For years now Gianni Caravaggio’s work has insistently been posing a single question: what is the essence of an image? Posing this question at the end of postmodernity means freeing oneself from any fears of comparisons with the past, shedding all neo-isms, post-isms, and trans-isms to expose oneself to an original gesture, to an initial gesture. On the whole, to make a truly radical gesture today means that the question of essence is set out in an open comparison with tradition, in the awareness of the impossibility of any return to the past and of the necessity of moving forward. In order to carry out this gesture—because it is a question of doing, of a practice—it is necessary to elevate oneself to the height of the question of art in a moment in which art seems to be disappearing in a system of general equivalence and in an attitude of n’importe quoi. It is necessary to adjust one’s gaze to the problem raised by art as a creator of images and not just simply a producer or post-producer of images. It is still starting from art, at least in my view, that we can truly comprehend the question of image. Thus, this question of the essence of the image is nothing less that the necessity of dealing with the question freshly from the beginning, from creation, that it is the question of art tout court.
In the work Gianni Caravaggio has been carrying out for over decade now, this search does not so much coincide with the attempt to arrive at a final point, as with the experience of an exposure to the nude reality of the artistic gesture, of the gesture of creating images. There is no desire to make a definitive, final statement. To the contrary, there is a need to return to the beginning, the opening of a possible scenario: an origin that is neither lost nor utopian, but always present, in the here and now, in my gesture and in your gaze. In the end, the question is not even exclusively about the attention given to essence, but the quest for the essentiality of gesture that becomes the work, an image-work. The essential gesture that discloses the dimension of the essence and exposes itself to the nudity of life, to its lack of easy ways out, to its need for answers. Art presents itself as a concrete answer, a work of art, to this fundamental question: what is image?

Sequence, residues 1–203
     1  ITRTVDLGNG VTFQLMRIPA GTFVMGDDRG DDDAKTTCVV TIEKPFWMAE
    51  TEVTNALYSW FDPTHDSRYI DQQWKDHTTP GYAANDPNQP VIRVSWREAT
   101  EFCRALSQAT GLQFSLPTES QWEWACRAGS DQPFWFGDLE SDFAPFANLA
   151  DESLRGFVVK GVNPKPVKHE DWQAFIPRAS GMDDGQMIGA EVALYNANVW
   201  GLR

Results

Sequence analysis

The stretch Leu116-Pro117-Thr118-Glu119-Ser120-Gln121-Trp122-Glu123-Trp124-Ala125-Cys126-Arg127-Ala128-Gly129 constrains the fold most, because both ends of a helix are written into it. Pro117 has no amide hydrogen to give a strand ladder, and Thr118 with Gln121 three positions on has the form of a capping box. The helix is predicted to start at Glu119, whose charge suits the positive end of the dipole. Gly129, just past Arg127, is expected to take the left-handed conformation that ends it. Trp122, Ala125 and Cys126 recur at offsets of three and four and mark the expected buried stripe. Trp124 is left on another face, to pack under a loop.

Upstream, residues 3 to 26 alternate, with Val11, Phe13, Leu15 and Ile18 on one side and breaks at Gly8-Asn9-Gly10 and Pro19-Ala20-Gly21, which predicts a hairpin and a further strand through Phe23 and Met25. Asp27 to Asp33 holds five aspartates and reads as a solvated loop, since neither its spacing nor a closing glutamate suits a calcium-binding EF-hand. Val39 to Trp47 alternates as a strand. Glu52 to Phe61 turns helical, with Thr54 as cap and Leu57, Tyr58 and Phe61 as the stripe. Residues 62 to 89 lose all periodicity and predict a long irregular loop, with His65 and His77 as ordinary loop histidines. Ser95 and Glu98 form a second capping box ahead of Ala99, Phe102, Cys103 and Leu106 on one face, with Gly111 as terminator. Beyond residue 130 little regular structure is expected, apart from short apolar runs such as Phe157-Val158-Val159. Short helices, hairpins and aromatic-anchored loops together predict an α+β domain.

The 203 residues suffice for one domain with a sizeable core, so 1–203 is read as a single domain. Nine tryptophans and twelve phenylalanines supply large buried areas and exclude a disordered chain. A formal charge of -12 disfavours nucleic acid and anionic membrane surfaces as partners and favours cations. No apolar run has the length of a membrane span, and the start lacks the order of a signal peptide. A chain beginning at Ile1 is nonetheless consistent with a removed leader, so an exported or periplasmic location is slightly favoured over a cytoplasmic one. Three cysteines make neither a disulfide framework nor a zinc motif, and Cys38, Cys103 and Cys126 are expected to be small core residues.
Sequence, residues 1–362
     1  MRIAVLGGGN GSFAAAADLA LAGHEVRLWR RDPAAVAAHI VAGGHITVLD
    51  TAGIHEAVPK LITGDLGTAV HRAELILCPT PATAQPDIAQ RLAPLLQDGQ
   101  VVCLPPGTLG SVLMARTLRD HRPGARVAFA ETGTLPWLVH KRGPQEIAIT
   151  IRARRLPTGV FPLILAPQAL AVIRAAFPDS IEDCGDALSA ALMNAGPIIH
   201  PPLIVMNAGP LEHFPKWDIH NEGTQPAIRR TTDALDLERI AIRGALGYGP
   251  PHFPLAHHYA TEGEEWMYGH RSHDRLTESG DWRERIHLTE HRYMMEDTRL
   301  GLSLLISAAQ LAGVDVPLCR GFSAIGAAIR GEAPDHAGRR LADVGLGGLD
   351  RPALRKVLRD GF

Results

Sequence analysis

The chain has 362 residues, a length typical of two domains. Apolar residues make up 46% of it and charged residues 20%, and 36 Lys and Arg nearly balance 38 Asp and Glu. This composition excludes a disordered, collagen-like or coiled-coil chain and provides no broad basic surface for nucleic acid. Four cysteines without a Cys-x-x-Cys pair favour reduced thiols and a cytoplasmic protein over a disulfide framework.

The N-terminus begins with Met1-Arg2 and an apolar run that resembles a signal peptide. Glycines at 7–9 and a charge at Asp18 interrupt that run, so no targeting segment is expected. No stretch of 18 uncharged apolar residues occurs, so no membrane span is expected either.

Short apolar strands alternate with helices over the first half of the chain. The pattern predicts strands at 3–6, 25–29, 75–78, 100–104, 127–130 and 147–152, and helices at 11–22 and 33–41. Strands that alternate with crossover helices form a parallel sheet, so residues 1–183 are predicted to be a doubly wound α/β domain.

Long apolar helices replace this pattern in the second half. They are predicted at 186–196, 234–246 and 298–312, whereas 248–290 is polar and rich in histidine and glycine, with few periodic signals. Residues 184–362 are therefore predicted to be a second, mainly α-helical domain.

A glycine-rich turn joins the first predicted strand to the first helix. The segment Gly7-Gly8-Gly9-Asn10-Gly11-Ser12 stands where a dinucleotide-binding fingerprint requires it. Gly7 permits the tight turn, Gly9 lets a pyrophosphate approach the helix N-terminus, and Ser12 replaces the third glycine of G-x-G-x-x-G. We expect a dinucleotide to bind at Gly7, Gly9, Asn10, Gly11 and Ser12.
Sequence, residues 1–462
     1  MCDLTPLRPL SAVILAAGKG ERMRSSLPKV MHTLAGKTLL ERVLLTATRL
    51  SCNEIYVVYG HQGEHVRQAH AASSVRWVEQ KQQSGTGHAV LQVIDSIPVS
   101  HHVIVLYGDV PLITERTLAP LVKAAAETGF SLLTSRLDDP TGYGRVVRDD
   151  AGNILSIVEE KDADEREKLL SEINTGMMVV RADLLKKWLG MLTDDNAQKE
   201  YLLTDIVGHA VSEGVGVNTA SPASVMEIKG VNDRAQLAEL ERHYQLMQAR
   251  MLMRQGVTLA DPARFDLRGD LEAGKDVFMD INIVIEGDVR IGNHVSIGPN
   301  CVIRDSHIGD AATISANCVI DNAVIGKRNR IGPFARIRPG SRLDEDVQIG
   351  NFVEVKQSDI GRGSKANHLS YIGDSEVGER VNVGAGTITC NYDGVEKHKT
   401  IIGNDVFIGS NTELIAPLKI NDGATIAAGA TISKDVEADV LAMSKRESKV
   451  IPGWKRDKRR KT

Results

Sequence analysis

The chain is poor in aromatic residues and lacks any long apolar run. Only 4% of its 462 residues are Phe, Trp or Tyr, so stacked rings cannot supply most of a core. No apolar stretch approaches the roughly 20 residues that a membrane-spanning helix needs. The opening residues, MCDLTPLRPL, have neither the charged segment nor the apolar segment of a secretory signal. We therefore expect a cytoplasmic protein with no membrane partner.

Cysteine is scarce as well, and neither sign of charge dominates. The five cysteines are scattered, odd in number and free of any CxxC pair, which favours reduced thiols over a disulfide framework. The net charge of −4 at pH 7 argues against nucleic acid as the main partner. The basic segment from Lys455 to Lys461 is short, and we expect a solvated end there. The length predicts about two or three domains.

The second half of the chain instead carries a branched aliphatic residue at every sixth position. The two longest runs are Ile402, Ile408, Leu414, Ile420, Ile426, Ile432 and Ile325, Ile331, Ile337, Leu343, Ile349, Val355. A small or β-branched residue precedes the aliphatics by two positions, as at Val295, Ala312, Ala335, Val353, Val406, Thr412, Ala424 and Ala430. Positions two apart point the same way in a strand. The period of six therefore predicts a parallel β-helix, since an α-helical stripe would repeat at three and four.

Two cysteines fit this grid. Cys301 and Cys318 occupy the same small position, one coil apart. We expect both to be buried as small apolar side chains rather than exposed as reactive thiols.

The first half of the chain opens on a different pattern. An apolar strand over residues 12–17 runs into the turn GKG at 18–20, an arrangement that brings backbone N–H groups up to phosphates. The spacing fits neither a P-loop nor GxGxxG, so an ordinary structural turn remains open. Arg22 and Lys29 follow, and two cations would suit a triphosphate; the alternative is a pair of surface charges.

In all the works present in the exhibition “Five Propositions for a New World”, running until 11 November 2013 at the Kaufmann-Repetto Gallery in Milan, this gesture passes for a stripping down, for a sort of reduction of the compositional grammar of contemporaneity. In some way, that which is needed to perceive this elementary grammar of the image is a certain nudity, a capacity for removing and leaving to breathe among the folds of being the constitutive nullity from which the image emerges. Faced with the accumulational proliferation of cultural, artistic and existential products, the gesture that aims at the essence of the image clears away space and time to let “that which is” emerge, nothing more and nothing less.
The problem of the essence of the image seems to present itself not as that of an ideal world behind the material world, but as that of a material world that opens itself to the abyss which it is for itself. Like in the work on display The Mystery hidden by a Cloud, matter appears as an infinite power, as the opening of this world to itself, to its capacity for endlessly creating sense. The quest for essence coincides with the sense of wonder for this world and with the impossibility of enclosing it a single system of meaning.
At the same time, a work such as Under the Surface, the Truth of Concreteness makes me think of how the wall of the image is not broken through – for the image is not the surface of depth – but the “amniotic wall of vision” is and must be broken through; that is what must be broken through is the layer of film that traps one’s vision inside clichés, in cultural context, in semiotic readings, thus not allowing for any real tangency. In order to get the sense of the essence of the image then, it is necessary to understand clearly that every ontology of vision necessarily entails a critique of the gaze and a practice that lead to seeing—by composing it—a world.
If one therefore imparts an essence of the image, this essence points towards an open space, the confines of which remain uncertain and in which, then, there is no possibility of an axiology, of a system of prescriptive rules, not even negative ones. The road towards the Open, towards this initial opening gesture, which the essence of image shows to be pragmatic, not axiological. It is the creative practice of the image that constitutes its essence and not the other way around. It is a practice of picture acts, of performing images that, with their appearance, disclose the insaturation of a world.
By Federico Ferrari